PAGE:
As readers of The Glom know, my twin sons are trying to earn all 121 Scouting merit badges. This is a goal that was suggested to them by their first Boy Scout leader after he saw how diligent they were in fulfilling their assignments. Recently, we learned that earning all available merit badges is extremely unusual. Troy Pugh is attempting to collect information on every Scout who has ever accomplished this goal at Merit Badge Knot, where he writes, "it has been said that fewer than 100 scouts have ever earned all of the merit badges that were available to them."
We have been fortunate to live in a community that is very supportive of the twins. As a result, rather than serving as the counselors on most of their merit badges, we have encouraged the twins to find (or helped them to find) other adults who have expertise in the subject of the merit badge. This has been a great learning opportunity for the boys, who have interacted with all sorts of people.
We are now in the home stretch, working on the last 20+ merit badges, and as you might imagine, many of these are on subjects for which counselors have been more difficult for us to locate. Which leads me to the topic of this post: American Labor. My neighborhood is filled with accountants, lawyers, doctors, professors, and entrepreneurs, but no labor leaders. We probably have some union members, but none have volunteered as counselors for the American Labor merit badge, which means that I am drawing on my own blue collar upbringing, a love of American history, and a class taken long ago in Labor Law to serve as the counselor for this merit badge. Given the recent troubles in the automobile industry, it's hard to imagine a more opportune time to study this topic.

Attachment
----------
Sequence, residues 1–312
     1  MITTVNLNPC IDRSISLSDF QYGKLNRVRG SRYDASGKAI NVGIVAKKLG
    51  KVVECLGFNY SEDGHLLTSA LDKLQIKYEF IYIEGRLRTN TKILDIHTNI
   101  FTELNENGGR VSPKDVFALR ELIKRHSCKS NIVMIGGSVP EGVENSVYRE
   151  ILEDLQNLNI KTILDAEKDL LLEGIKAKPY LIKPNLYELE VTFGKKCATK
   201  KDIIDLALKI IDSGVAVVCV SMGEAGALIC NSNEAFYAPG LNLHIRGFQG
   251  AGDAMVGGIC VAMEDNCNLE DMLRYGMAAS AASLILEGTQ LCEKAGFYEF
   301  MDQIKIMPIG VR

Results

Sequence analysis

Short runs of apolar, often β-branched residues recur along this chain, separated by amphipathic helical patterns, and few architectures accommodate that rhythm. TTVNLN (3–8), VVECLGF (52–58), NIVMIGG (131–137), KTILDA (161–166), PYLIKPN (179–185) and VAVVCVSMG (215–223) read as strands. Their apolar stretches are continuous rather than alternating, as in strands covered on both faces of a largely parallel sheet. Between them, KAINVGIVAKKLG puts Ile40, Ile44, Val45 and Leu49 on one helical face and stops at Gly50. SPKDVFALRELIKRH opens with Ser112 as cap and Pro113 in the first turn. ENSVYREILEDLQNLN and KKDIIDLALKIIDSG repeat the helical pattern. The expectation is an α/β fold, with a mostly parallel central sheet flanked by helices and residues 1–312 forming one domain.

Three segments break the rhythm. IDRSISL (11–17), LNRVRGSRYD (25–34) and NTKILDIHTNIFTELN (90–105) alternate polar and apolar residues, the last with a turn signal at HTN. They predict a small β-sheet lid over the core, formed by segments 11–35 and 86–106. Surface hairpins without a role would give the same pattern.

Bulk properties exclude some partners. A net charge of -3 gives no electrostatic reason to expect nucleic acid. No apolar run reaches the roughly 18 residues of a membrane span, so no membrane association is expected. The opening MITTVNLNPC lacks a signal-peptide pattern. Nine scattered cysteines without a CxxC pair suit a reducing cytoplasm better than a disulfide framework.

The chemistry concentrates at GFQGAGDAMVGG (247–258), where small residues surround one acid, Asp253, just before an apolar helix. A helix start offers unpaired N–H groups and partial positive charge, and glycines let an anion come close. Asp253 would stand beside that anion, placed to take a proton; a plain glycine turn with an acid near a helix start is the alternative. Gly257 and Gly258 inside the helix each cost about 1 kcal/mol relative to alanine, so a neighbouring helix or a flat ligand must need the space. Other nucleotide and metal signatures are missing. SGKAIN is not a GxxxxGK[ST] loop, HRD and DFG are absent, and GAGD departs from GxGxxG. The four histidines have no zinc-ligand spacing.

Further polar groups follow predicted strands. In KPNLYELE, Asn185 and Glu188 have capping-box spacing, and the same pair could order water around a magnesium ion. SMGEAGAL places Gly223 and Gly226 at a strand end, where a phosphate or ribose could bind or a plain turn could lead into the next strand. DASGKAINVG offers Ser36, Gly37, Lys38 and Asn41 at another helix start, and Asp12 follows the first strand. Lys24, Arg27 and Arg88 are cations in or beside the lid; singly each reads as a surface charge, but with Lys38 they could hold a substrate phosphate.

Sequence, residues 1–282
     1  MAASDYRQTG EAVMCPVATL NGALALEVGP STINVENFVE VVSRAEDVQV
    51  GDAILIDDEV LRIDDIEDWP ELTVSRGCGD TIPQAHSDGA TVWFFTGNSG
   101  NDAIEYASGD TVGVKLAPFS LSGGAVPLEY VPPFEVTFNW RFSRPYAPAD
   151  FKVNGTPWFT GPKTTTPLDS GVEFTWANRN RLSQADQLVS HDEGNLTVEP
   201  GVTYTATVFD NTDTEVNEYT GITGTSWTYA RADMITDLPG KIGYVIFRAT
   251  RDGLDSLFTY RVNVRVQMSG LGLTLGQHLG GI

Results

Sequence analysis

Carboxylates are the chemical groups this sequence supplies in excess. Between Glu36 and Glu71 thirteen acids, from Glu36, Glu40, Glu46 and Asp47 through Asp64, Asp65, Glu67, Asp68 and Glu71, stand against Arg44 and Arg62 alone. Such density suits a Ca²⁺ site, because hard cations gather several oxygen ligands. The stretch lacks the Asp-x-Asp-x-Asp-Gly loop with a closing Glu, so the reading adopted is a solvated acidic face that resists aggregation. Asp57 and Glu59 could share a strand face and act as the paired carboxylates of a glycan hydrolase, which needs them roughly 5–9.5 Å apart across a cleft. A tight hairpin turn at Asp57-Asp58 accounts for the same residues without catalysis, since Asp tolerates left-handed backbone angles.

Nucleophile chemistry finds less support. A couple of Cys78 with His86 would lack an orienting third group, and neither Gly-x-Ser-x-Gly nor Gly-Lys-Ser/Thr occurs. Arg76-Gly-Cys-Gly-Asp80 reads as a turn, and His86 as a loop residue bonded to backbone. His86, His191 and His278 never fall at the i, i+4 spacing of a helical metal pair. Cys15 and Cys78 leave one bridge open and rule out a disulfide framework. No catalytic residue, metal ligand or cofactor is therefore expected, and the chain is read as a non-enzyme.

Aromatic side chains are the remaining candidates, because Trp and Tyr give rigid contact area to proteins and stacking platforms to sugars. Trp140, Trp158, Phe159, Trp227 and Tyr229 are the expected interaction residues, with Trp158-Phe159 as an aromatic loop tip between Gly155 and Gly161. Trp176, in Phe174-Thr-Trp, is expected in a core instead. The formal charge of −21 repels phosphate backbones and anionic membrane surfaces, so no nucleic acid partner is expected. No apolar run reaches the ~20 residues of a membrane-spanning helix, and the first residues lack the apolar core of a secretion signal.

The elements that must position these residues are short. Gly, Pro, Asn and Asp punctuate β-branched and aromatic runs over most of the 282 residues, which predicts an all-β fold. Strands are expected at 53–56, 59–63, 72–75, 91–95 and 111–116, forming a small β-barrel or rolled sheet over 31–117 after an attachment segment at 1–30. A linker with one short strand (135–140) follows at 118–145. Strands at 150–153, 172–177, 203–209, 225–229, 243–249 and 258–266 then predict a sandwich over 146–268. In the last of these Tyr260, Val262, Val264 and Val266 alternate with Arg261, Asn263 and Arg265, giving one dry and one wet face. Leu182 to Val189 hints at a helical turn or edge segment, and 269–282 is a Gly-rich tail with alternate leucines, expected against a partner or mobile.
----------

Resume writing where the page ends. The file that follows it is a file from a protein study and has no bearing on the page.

One of the options for the merit badge asks the boys to "watch a movie that addresses organized labor in the United States." The American Labor pamphlet recommends Working Stiffs, Union Maids, Reds, and Riffraff: An Expanded Guide to Films About Labor for reviews of 350+ films about labor issues. I also found a not-very-active blog by the book's author on labor films and globalization, including a recent plug for State of Play. (Probably not what the Boy Scouts had in mind for this requirement.)
Although all of this information is interesting, it's a bit much for me to process. I would rather just cut through the noise and find the one film that would best fulfill the spirit of the merit badge. Any suggestions?
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1. Posted by fedgovernor on April 28, 2009 @ 8:53 | Permalink
2. Posted by anonymous on April 28, 2009 @ 9:02 | Permalink
3. Posted by Matt on April 28, 2009 @ 9:41 | Permalink
Another vote for Norma Rae. We watched a clip from it for one of my undergrad classes and it seems like the kind of thing the BSA probably had in mind.
4. Posted by Elizabeth Brown on April 28, 2009 @ 10:12 | Permalink
If you want something that is nonfiction, you could rent Disc 2 of the History Channel's series entitled "Ten Days that Unexpectedly Changed America" which includes the documentary on The Homestead Strike involving Andrew Carnegie.
5. Posted by Anatoly on April 28, 2009 @ 10:28 | Permalink
6. Posted by arthur on April 28, 2009 @ 11:20 | Permalink
Matewan, parhaps with Harlan County USA.
7. Posted by Vic on April 28, 2009 @ 11:34 | Permalink
8. Posted by Matt Bodie on April 28, 2009 @ 11:44 | Permalink
If you're looking for a pro-union movie with a more current focus, you might want to try "Bread & Roses." It's about the Justice for Janitors movement in LA in the late 1990s. I think Matewan & Harlan County are great movies, but they might contribute to the notion that "American Labor" is a historical, rather than contemporary, subject of study.
9. Posted by Matt Bodie on April 28, 2009 @ 11:48 | Permalink
One caveat to "Bread & Roses" -- it is rated R for strong language and brief nudity.
10. Posted by David Thomas on April 28, 2009 @ 13:14 | Permalink